By Krystofer Gardner
Did you notice the new banner on all emails coming from an External (outside of Magleby Construction) source? Unfortunately, as employees we continue to not learn the lesson that if the email doesn’t pass the SNIFF test, it is likely phishy (or a phishing scam).
New Banner Bar
Here is what the new banner bar looks like (below). It is big and red, and reads “[EXTERNAL EMAIL] DO NOT click on links or attachments unless you recognize the sender and know the content is safe.”
This banner bar is a visual reminder to ask a few questions about the validity of the email that is sent before proceeding with opening links, attachments, or entering any type of personal information. If you see this banner, always use the SNIFF test.
Ask yourself these questions before proceeding:
- S – Sender – do you know the sender? Is the sender really who they claim to be? (E.g. it says it is from Chad Magleby, but the address is email@example.com).
- N – Normal – is it normal that the sender would email you, and discuss the topic that was emailed about? If you would normally not receive communication on the topic of the email, why would things have changed? If the email doesn’t seem normal, be suspicious.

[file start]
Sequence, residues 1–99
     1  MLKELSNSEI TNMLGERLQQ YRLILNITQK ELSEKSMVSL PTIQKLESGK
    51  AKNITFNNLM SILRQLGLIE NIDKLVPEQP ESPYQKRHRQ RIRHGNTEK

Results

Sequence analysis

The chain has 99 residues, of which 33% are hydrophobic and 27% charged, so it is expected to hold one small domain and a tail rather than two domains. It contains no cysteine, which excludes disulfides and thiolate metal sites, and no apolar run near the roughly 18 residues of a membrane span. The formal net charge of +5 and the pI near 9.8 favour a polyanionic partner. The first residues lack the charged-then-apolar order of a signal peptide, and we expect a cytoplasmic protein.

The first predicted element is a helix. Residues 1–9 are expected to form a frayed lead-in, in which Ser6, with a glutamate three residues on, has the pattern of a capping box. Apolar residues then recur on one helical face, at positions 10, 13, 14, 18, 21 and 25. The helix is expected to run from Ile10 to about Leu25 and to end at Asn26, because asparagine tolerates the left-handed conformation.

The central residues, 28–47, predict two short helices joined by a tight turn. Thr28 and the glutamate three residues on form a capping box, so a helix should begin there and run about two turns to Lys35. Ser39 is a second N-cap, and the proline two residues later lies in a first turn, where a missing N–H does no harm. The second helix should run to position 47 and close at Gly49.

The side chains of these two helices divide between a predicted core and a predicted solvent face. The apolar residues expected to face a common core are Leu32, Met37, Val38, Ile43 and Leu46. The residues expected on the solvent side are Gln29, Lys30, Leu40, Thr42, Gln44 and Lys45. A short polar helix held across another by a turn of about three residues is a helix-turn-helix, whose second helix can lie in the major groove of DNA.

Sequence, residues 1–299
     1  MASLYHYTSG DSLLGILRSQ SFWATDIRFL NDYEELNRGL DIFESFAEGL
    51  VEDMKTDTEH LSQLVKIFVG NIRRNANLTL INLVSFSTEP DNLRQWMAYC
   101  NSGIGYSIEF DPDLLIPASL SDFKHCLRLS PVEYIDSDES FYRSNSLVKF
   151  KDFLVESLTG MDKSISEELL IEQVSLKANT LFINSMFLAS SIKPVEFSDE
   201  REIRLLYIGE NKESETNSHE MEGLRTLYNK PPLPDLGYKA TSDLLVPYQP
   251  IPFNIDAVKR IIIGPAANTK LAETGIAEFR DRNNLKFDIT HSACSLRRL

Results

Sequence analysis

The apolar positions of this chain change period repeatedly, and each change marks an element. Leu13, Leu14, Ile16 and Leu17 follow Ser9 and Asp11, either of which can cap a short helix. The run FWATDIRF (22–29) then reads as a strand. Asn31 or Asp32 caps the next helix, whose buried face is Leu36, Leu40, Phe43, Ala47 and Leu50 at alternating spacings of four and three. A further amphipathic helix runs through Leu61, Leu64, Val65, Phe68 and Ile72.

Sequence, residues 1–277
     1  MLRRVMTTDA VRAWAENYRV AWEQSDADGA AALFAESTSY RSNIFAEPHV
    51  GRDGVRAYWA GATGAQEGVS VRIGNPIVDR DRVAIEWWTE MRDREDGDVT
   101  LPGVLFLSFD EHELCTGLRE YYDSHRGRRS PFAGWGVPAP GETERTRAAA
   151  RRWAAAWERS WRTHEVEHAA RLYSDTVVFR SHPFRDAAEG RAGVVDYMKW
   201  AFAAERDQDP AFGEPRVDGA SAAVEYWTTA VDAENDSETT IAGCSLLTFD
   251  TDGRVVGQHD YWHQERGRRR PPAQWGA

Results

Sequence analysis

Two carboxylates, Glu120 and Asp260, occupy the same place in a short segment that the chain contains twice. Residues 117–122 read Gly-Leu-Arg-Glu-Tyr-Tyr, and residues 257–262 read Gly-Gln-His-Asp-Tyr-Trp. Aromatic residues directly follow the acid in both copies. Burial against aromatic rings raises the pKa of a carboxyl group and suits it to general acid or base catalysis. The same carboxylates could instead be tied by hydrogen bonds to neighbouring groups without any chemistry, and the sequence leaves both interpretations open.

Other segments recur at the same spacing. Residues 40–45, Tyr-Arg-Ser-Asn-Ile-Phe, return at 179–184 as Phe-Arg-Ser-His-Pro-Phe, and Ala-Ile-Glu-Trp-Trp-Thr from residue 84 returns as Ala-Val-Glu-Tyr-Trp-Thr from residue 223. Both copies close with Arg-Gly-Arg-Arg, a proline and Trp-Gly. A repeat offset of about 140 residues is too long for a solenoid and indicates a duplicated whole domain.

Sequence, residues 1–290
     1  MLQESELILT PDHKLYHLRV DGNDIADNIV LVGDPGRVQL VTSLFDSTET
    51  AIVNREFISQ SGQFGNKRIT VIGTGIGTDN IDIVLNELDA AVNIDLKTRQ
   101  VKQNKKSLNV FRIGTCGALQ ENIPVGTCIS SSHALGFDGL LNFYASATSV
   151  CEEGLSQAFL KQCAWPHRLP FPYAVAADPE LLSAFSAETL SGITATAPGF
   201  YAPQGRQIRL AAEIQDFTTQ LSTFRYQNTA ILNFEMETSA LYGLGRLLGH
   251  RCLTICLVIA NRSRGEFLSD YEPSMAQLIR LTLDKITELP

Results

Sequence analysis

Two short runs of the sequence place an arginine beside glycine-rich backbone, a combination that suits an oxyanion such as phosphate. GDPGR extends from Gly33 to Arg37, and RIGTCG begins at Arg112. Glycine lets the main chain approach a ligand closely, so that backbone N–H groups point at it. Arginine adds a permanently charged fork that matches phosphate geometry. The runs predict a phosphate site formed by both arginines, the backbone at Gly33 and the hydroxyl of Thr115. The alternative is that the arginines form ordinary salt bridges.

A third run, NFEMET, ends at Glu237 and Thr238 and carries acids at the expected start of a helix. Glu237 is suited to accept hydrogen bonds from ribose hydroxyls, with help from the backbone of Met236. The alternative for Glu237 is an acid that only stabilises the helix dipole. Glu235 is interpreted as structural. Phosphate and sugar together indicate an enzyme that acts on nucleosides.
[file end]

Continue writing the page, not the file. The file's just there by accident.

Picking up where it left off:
- I – Internal – does the sender claim to be someone internally within the organization? If so, why is the “External” banner bar showing? Or does the person claim to know someone internally in the organization? If so, validate with the referenced individual about the validity of the email.
- F – Familiar – are you familiar with the sender? If you weren’t expecting an email from the sender, question the validity of any attachments or links.
- F – Fishy – does anything about the email make you question? Attachments or links should NOT ask for your username or password. If so, IT would be happy to look at it first.
Remember that the consequences of clicking on fraudulent links are massive. Everything from your personal information, to client personal information, to company private information is put at risk when a scammer succeeds at getting you to click on something illegitimate.
Be careful and use the SNIFF test.
For a good review check out these two previously posted articles.